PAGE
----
Though the childhood is in the past, Milo’s sense of absurdity and humor has long from faded. Milo proves that he still has a mastery over thought provoking, self-deprecating slogans for the Internet generation, as well as abstract and ludicrous humor. The hook on the single “Argyle Sox (Hellfyre 5ever)” done by Milo’s Hellfyre companion, Busdriver, shows this perfect balance between the absurd and the serious. “It’s knighted at the roller rink/Y’all know we overthink/And so we keep them argyle socks on argyle socks on argyle socks,” Busdriver recites in between Milo’s deliberation on Chinese philosophy and BET. It’s fan pleasers like “Argyle Sox” and “Peanut Butter Sandwiches” that prove that Milo still has his unique touch.

Among tracks you would expect from on “Suburb,” however, Milo proves he has some new tricks up his sleeve. Towards the latter half of the album, Milo unleashes “Just Us,” a song dedicated to his late brother (or friend, it’s never really specified), Rob, and it’s the album’s emotional climax. He discusses his self-hatred, his friendship with Rob, and how he feels guilty for the fame he’s amassed while Rob is dead. In conjunction with the eclectic and fuzzy production featured across the album, the tribute is an emotional powerhouse.

Yet, in the middle of these highlights, there are some tracks that either blend together or don’t stick around long enough to leave an impression. Songs like “Sanssouci Palace” and “Thatness and Whatness,” though filled with interesting and ideas and motifs, aren’t developed enough to justify their place on the album.

Despite certain lulls in the album, “A Toothpaste Suburb” is exactly what one could hope for in a full-length Milo record: thought provoking, abstract, memorable, weird, and incredibly fun. The road trip through Milo’s suburb, though a strange one, is a journey that will keep listeners coming back for a long time.

Kieran Graulich is a contributing writer. Email him at music@nyunews.com

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Mø riles up sold-out Webster Hall

By Matthew Mahoney

Via Pitchfork

At around 9:15 on Thursday, September 25, the lights went down at Webster Hall and members of Danish indie-electronic pop singer Mø’s band began to trickle onto the stage, which was illuminated by a projection. As the keyboardist and guitarist took their positions, the drummer began the frenetic drum beat that kicks off “Maiden,” Mø’s debut single, released in May 2012, that propelled many to hail Mø, which is Dane Karen Marie Ørsted’s stage name, as the latest darling of the indie-pop blogosphere.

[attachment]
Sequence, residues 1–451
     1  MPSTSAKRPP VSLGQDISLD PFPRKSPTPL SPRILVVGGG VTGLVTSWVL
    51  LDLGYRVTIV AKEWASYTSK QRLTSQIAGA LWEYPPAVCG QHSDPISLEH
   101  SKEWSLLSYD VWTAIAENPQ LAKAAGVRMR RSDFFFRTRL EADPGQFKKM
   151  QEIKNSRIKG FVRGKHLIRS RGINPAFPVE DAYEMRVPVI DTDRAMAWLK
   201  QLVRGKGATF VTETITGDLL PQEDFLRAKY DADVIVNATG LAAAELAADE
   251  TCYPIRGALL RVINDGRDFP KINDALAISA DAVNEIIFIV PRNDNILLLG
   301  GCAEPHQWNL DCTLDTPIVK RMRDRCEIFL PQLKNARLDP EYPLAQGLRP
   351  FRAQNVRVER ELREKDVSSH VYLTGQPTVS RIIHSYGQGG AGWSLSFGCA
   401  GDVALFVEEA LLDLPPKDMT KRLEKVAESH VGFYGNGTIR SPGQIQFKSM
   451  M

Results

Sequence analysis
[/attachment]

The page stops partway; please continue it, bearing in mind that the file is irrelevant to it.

After a minute of this ferocious drumming, which was synced up with powerful strobe lights, Mø emerged wearing a flowing patterned shawl, black shorts and black shoes, her hair done up in a messy bun, with much of the hair escaping the bun and cascading down the side of her face. Mø’s dramatic hairdo was outlined dramatically by the ever-changing array of short clips featuring a collage of videos geared toward each song. After greeting the sold-out crowd, the singer launched into several other numbers from her debut album “No Mythologies to Follow,” which was released this past March, including Diplo produced “XXX 88” and the pulsing “The Sea,” after which Mø shed her outer layer of clothes revealing a skin-tight nude crop top and silk boxing shorts. On “XXX 88” a trio of horn players emerged to accompany the first of several tracks that included an infectious horn section.

Most of Mø’s songs are mid to high tempo and danceable; however, the Dane slowed the set down briefly to perform “Dust Is Gone” with an accompanying sunrise playing on the projector. On “Slow Love” she waded into the front of the crowd and proceeded to march to the back of the room and performed the rest of the song standing on the bar. This was not Mø’s only foray into the audience; she disappeared backstage during “Never Wanna Know” and reemerged to the audience’s surprise on the balcony, where she wandered around until the song concluded. On the pulsing closer of the main set “Glass,” Mø marched amidst the audience chanting, “Why do everyone have to grow old?” Other songs included in the main set were singles “Pilgrim,” “Waste of Time,” and “Walk This Way.”

The band returned for an encore, which opened with a crowd-favorite cover; “Say You’ll Be There” by the Spice Girls. The set closed with “Dance With Nobody,” during which Mø cast off her shoes and began crowd surfing. Overall, the show was quite energetic made all the more exciting due to the amount of interaction Mø had with the audience.

Matthew Mahoney is a contributing writer. Email him at music@nyunews.com

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Panda Bear provides eclectic, versatile performance at Irving Plaza

By Kristian Brito

Via Pitchfork